Play Station Eye - Official Specs Incorrect

I’m working on a personal project that requires 6 Play Station Eye Cameras (if you think that sounds excessive, that’s because it totally is.) And when powering 6 USB cameras, you want to ensure you don’t exceed the maximum USB current draw of your computer. So I looked up the datasheet for the Play Station Eye, and found that the maximum current draw for a single camera is 500mA.

However, upon mentioning this to one of our mentors, he suggested that that spec could very well be an overly conservative estimate, as 500mA is also the maximum current limit of most USB ports. And sure enough, upon measuring the current using my handy dandy USB power measuring thingy, the actual current draw from one of these cameras when capturing video never goes above 120mA.


Granted, there is a microphone array on these cameras that I’m not using, which could increase the current draw past what is seen here. However, I kind of doubt that the microphone array draws 380mA (I could be completely wrong though.)

Just something interesting I discovered while tinkering that I thought might be relevant to anyone using these cameras (or 6 of them for that matter :wink:)

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“Hey Joe, Publications is looking to finish filling out the spec sheet. What was that current you measured in lab?”

“Ummmmmmm let me check my notes ummmmmmm…”

“You didn’t write it down, did you?”

“…”

“Well, not to worry, I’ve got an idea”.

=========================================

Also, since it does say “max”…

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So your data sheet isn’t wrong, it’s listing the USB Spec max of 500mA.*

That being said, it’s great to know the actual usage of the product you have in hand so you can plan for it. Measuring it was a good call and I’m glad you posted about it.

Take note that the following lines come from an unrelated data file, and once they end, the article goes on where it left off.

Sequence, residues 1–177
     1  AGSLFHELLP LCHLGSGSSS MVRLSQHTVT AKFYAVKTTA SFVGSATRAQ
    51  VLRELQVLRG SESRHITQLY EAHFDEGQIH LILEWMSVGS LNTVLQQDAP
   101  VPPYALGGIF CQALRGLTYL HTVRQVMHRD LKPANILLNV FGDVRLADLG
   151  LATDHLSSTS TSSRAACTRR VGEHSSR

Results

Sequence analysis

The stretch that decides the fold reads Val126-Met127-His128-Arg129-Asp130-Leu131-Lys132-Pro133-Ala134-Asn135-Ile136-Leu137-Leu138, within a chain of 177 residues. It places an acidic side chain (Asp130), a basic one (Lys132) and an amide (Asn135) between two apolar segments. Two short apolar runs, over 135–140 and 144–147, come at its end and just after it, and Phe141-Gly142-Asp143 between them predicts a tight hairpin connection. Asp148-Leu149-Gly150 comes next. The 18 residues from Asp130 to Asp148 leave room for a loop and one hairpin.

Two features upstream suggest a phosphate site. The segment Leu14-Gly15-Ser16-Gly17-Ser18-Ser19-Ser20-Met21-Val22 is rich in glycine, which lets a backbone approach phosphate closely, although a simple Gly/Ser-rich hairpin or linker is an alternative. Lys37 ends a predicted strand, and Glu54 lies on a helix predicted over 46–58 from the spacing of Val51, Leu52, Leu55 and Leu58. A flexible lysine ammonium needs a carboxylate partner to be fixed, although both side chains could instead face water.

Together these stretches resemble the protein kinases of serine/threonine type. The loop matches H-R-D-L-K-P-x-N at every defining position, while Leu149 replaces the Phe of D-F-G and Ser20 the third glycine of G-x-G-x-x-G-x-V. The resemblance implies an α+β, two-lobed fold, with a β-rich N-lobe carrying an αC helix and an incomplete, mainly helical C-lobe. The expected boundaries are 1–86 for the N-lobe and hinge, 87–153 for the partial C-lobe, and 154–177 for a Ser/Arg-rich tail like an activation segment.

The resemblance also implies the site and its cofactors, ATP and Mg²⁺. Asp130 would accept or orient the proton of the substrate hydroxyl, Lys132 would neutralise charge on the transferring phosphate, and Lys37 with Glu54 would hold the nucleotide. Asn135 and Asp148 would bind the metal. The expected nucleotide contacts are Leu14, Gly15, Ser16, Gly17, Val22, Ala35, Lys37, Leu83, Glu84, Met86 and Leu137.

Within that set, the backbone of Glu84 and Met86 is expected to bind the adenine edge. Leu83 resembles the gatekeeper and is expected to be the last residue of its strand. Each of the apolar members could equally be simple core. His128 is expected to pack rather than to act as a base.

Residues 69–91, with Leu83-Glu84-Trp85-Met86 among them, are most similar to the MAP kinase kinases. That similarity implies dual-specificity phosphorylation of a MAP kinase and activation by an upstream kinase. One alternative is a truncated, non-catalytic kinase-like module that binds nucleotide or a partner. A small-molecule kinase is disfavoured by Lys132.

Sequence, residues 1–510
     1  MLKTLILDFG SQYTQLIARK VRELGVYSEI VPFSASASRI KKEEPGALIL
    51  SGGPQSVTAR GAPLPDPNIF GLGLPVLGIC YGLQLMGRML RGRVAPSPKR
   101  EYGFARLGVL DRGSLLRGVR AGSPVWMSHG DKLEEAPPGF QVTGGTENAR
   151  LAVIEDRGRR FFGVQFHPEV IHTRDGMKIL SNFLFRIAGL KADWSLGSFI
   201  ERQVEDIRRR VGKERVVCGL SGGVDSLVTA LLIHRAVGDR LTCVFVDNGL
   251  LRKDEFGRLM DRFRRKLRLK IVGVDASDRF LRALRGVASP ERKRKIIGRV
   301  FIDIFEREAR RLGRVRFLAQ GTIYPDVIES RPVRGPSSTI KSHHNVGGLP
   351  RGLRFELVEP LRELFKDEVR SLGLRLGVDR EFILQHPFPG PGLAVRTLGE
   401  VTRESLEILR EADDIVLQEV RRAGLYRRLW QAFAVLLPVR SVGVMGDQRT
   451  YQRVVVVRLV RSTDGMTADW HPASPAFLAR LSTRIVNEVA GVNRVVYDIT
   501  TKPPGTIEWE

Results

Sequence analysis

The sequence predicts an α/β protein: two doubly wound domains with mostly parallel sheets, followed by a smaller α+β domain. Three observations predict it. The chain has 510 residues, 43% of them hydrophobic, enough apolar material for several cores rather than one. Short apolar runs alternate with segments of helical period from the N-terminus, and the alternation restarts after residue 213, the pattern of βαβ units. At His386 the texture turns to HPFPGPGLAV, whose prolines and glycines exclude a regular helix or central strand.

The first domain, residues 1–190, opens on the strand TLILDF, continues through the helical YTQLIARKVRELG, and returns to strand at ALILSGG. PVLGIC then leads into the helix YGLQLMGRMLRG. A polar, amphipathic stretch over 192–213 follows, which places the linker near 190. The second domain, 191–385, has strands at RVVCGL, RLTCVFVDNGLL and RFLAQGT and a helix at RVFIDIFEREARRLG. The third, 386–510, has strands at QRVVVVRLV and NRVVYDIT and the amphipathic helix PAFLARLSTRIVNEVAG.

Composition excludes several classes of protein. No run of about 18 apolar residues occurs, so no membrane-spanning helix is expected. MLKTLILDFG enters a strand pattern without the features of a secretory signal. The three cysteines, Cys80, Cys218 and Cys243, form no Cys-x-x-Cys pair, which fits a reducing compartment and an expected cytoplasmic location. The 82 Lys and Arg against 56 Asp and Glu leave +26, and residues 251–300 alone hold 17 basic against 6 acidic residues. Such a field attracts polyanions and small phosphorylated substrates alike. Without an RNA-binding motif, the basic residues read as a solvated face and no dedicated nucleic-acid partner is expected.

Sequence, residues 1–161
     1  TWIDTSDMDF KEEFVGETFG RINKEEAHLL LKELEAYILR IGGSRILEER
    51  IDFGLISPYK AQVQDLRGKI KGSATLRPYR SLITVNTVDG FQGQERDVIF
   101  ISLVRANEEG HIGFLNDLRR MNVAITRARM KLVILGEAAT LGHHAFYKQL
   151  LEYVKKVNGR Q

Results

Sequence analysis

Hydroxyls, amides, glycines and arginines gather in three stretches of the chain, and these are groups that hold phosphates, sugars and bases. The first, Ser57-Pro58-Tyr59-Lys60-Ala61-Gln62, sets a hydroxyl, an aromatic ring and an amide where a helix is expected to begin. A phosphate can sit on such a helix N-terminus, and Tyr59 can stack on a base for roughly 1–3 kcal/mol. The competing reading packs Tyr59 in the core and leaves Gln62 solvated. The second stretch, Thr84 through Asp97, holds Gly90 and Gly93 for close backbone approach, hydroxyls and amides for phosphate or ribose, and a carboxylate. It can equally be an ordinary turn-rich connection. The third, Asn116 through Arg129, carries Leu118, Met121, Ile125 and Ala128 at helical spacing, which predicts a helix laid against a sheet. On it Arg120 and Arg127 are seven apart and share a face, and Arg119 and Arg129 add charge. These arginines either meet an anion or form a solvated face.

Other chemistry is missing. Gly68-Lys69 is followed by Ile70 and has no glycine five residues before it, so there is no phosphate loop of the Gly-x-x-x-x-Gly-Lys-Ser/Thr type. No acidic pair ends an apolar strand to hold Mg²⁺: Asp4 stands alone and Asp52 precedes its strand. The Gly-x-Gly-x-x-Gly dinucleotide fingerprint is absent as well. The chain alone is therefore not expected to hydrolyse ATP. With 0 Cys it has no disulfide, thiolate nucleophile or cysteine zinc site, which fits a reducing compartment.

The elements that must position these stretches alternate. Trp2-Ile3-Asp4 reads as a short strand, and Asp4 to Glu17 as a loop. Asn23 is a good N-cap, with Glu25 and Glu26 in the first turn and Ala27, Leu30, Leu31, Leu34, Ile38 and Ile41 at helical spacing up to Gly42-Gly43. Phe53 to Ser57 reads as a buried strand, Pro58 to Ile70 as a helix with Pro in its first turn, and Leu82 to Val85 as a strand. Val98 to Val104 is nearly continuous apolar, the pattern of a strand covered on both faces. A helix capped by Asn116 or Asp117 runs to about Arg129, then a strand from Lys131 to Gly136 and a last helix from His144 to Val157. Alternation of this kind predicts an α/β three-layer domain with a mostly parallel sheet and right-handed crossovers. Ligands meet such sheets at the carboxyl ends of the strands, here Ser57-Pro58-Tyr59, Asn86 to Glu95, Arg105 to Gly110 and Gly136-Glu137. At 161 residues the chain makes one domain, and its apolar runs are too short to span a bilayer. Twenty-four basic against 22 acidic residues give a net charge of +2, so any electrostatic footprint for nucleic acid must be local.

*Someone is going to come in and tell me that “USB can provide more than that!” and, yes, it can but beyond 500mA, it’s technically supposed to be negotiated in various ways. In reality, the USB spec is all over the place when it comes to implementations.

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Correct, it isn’t wrong in that it does list the correct USB max current draw for a single port. But it is wrong in that the product itself doesn’t draw anywhere near that amount of current. Which is what I assume is meant when they define what the max current requirements for this product are.

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Ehh? It’s a consumer product and I don’t think they were aiming for an engineer of any type to be hacking on it many years down the road.

It’s also a hard lesson to learn that you can’t always trust a datasheet. At least it didn’t cost you $50,000.

I’ll also note that it is marked as “Power Consumption” and, technically, if you shorted it somehow, it would draw a Max of 500mA from the USB port on a playstation because that’s what that port would supply.

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Feel like there’s a story behind that.

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I was thinking the same thing…

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What if I plugged it into a 5V 2A supply with a spliced USB connector? If it shorted out, it would draw more than 500ma. The number on the datasheet is conveniently the same as the 500ma USB port spec, but is not a relevant number (other than implying that the working current of the device is <= 500ma).

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This is totally fair… however, I will again mention that the device in question was purpose built to be plugged into a PS3 - technically by you plugging it into something else that isn’t a PS3, you aren’t following the “spec sheet” that was posted above and came with the cameras.

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Give me a hammer and enough cameras, and I bet ya I can make one of them draw 600mA briefly.

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Has the restraining order been lifted then?

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